Post hoc analysis

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In a scientific study, post hoc analysis (from Latin post hoc, "after this") consists of statistical analyses that were specified after the data were seen.[1][2] They are usually used to uncover specific differences between three or more group means when an analysis of variance (ANOVA) test is significant.[3] This typically creates a multiple testing problem because each potential analysis is effectively a statistical test. Multiple testing procedures are sometimes used to compensate, but that is often difficult or impossible to do precisely. Post hoc analysis that is conducted and interpreted without adequate consideration of this problem is sometimes called data dredging by critics because the statistical associations that it finds are often spurious. [4]

Common post hoc tests[edit]

Some common post hoc tests include: [5][6]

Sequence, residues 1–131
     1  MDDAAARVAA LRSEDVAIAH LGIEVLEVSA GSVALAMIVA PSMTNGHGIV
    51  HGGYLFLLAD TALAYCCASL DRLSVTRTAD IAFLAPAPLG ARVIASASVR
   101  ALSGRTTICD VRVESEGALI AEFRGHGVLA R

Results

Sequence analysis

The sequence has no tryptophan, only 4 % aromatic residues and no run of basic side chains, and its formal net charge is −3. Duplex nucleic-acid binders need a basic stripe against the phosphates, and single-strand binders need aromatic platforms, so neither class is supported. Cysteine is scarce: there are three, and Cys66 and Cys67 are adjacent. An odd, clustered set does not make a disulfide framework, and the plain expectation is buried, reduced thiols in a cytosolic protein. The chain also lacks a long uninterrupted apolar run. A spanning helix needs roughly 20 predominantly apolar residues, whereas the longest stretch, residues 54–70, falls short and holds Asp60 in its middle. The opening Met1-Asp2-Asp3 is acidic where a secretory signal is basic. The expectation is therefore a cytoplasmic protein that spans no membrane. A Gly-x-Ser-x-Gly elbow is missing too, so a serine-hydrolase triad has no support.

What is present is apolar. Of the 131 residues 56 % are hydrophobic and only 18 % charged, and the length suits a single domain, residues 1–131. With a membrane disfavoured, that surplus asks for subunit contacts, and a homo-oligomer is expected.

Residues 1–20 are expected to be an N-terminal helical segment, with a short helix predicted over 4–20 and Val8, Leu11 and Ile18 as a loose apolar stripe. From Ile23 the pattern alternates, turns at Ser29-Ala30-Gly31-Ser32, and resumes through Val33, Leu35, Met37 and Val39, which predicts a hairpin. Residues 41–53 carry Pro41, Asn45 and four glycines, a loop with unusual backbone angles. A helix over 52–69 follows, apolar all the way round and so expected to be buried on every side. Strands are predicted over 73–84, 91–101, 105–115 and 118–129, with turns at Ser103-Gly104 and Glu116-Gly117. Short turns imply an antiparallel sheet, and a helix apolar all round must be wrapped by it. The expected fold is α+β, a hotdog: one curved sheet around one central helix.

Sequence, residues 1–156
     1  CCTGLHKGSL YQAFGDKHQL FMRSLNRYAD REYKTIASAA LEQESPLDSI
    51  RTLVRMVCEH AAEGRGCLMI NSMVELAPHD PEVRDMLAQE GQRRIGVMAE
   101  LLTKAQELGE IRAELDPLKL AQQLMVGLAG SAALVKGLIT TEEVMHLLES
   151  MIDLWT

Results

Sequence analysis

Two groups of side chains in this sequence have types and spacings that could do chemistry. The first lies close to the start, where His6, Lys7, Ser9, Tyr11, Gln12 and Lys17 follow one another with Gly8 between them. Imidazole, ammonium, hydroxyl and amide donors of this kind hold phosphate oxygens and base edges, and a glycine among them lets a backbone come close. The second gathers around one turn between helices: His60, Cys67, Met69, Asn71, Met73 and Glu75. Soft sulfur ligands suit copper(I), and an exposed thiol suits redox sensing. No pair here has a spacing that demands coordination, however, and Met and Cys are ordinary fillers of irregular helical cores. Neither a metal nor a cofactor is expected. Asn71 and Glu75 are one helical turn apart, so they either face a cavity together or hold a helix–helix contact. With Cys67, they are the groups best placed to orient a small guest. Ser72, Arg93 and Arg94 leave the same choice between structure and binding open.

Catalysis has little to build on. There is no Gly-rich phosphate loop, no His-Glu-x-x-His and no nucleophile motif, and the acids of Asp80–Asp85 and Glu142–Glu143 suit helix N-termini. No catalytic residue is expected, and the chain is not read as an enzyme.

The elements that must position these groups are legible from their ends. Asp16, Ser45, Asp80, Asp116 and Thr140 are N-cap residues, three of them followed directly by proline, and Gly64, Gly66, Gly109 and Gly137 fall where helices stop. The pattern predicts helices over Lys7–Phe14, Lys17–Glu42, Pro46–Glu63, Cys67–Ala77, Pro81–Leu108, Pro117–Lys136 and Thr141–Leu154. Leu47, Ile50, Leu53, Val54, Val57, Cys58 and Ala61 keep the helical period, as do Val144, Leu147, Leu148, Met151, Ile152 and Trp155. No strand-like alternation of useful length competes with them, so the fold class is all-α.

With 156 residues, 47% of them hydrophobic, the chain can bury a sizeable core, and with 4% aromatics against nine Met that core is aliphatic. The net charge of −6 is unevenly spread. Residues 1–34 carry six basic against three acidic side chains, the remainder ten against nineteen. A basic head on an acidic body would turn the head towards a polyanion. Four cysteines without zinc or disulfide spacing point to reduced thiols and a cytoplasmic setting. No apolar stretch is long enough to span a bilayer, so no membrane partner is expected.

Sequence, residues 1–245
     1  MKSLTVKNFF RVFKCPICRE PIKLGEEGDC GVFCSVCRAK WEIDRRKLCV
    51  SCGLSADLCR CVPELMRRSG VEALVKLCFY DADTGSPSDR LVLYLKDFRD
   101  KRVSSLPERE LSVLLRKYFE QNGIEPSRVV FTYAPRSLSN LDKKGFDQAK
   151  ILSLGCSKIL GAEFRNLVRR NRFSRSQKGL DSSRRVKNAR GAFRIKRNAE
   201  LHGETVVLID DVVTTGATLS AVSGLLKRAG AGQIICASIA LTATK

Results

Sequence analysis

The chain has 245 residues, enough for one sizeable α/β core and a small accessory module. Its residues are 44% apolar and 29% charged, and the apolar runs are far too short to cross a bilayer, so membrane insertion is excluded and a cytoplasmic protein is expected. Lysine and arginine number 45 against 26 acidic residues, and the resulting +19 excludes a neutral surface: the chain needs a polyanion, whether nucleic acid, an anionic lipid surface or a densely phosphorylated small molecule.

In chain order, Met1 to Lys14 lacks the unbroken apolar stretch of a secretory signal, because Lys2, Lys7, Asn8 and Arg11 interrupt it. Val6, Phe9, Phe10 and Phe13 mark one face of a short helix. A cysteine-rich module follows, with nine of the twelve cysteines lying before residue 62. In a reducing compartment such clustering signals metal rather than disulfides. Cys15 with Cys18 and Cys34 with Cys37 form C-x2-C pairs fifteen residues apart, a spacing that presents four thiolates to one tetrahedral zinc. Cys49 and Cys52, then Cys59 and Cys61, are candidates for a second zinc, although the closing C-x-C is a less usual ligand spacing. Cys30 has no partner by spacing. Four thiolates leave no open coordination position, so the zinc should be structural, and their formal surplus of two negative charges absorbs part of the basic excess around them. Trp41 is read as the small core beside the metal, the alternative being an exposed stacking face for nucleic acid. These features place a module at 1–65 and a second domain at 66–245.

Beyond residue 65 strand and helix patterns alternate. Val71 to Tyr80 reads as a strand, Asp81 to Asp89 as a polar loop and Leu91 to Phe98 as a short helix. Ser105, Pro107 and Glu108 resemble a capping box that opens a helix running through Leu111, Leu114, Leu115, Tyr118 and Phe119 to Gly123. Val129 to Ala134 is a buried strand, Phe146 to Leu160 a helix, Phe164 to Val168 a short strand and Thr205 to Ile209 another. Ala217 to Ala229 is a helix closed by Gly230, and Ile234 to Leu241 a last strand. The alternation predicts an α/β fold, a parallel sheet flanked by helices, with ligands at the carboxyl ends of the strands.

Sometimes the temptation to engage in post hoc analysis is motivated by a desire to produce positive results or see a project as successful. In the case of pharmaceutical research, there may be significant financial consequences to a failed trial.

See also[edit]


  1. ^ "What is the significance and use of post-hoc analysis studies?". Retrieved 2022-12-09.
  2. ^ "11.8: Post Hoc Tests". Statistics LibreTexts. 2019-11-12. Retrieved 2022-12-09.
  3. ^ "SAGE Research Methods - The SAGE Encyclopedia of Communication Research Methods". Retrieved 2022-12-09.
  4. ^ Zhang, Yiran; Hedo, Rita; Rivera, Anna; Rull, Rudolph; Richardson, Sabrina; Tu, Xin M. (2019-08-01). "Post hoc power analysis: is it an informative and meaningful analysis?". General Psychiatry. 32 (4): e100069. doi:10.1136/gpsych-2019-100069. ISSN 2517-729X. PMC 6738696.
  5. ^ "Post Hoc Definition and Types of Tests". Statistics How To. Retrieved 2022-12-09.
  6. ^ Pamplona, Fabricio (2022-07-28). "Post Hoc Analysis: Process and types of tests". Mind the Graph Blog. Retrieved 2022-12-09.